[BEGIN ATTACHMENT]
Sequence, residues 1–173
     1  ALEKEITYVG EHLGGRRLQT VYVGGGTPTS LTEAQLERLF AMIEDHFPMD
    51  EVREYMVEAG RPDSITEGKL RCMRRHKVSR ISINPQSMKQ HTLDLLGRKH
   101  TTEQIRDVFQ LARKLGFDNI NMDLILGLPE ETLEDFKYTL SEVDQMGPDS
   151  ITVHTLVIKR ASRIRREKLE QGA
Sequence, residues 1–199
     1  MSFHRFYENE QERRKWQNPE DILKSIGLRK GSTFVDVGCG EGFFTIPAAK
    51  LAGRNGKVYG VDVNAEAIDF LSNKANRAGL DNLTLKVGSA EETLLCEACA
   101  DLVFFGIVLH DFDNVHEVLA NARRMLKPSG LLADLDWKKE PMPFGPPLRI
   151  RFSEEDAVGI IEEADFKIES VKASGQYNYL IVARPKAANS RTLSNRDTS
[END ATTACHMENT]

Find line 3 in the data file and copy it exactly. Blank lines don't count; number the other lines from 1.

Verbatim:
    51  EVREYMVEAG RPDSITEGKL RCMRRHKVSR ISINPQSMKQ HTLDLLGRKH